Rare Earths MMI: US to consider launching Section 232 probe for neodymium magnets

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The Rare Earths Monthly Metals Index (MMI) fell by 19.6% this month, as China has loosened rare earths production quotas and the Biden administration could possibly launch a Section 232 investigation for neodymium magnets.

June 2021 Rare Earths MMI chart

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US to consider neodymium Section 232 probe

As noted in yesterday’s morning roundup, the Biden administration released the findings of its 100-day review of critical U.S. supply chains.

Earlier this year, President Joe Biden called for various agency heads to execute 100-day reviews of critical U.S. supply chains. Specifically, the president’s order referenced supply chains for critical minerals, in addition to large-capacity batteries, semiconductors and pharmaceutical products.

The report stemming from that review notes the possibility of launching a Section 232 investigation for neodymium magnets. Former President Donald Trump used Section 232 to impose tariffs on steel and aluminum.

In a section summarizing recommendations, the report called for strengthening international trade rules and trade enforcement mechanisms. The review calls for evaluation of whether or not a Section 232 investigation for neodymium magnets is warranted.

“Neodymium (NdFeB) permanent magnets play a key role in motors and other devices, and are important to both defense and civilian industrial uses,” the report states. “Yet the U.S. is heavily dependent on imports for this critical product. We recommend that the Department of Commerce evaluate whether to initiate an investigation into neodymium permanent magnets under Section 232 of the Trade Expansion Act of 1962.”

NdFeB magnets are used in computer hard disk drives, magnetic resonance imaging (MRI), precision guided munitions, automotive motors and wind turbines.

Prices fall as China relaxes rare earths production quotas

As MetalMiner’s Stuart Burns explained earlier this month, the Chinese government recently relaxed production quotas for rare earths.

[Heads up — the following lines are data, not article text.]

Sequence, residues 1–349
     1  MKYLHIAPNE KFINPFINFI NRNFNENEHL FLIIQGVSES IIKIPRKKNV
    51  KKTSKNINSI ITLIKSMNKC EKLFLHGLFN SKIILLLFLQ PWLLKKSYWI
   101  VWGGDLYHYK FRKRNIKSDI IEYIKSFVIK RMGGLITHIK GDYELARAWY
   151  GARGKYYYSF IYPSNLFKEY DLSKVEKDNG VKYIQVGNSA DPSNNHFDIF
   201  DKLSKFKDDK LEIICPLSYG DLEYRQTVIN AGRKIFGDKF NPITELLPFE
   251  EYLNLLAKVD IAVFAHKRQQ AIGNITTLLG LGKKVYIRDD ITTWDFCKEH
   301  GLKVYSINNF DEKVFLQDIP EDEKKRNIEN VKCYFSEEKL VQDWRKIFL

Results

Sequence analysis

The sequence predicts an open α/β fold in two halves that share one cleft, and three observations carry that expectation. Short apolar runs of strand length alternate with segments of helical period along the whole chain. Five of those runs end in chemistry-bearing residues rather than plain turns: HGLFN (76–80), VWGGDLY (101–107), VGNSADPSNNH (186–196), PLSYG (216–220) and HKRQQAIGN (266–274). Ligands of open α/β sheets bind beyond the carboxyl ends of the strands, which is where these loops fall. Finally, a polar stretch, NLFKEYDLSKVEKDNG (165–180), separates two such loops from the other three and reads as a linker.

Consequently, prices for rare earth oxides took a fall.

“Market prices remain volatile, though,” Burns explained. “A half yearly quota set by government officials is not the optimal system to match supply, demand and prices. As the economy bounced back last year, the rare earths market was caught on the hop and prices rose strongly.

“Some light rare earths, like praseodymium-neodymium (PrNd) oxide, reached multiyear highs.”

However, Beijing relaxed the quota from 66,000 tons to 84,000 tons.

Furthermore, the Rare Earths MMI has fallen for the third straight month.

“This suggests the MIIT’s loosening of production limits has had the desired impact and availability is proving sufficient to meet demand,” Burns added.

Lynas plant in Malaysia continues to operate

Lynas Rare Earths Ltd. offered an update last month on its Malaysian plant.

The Malaysian government issued a movement control order May 12, which is in effect until June 7.

“The MCO, which is in effect for the period from 12 May 2021 until 7 June 2021, permits all economic sectors to continue to operate during the period of the MCO,” Lynas said in a statement. “Consistent with the MCO and previous updates, the Lynas Malaysia plant continues to operate with Standard Operating Procedures (SOPs) in place. Lynas Malaysia has already implemented strict health and hygiene protocols that meet and exceed the Ministry of Health’s requirements. Products produced at the Lynas Malaysia plant are essential to the manufacturing supply chains for critical industries including automotive, medical devices, oil refining and machinery & equipment.”

Actual metals prices and trends

The Chinese yttrium price rose by 1.6% month over month to $33.75 per kilogram as of June 1. The terbium oxide price fell by 17.1% to $1,044 per kilogram.

The neodymium oxide price fell by 8.5% to $77,706 per metric ton.

The Europium oxide fell by 3.3% to $30.61 per kilogram. Meanwhile, the dysprosium oxide price dropped by 11.7% to $385 per kilogram.

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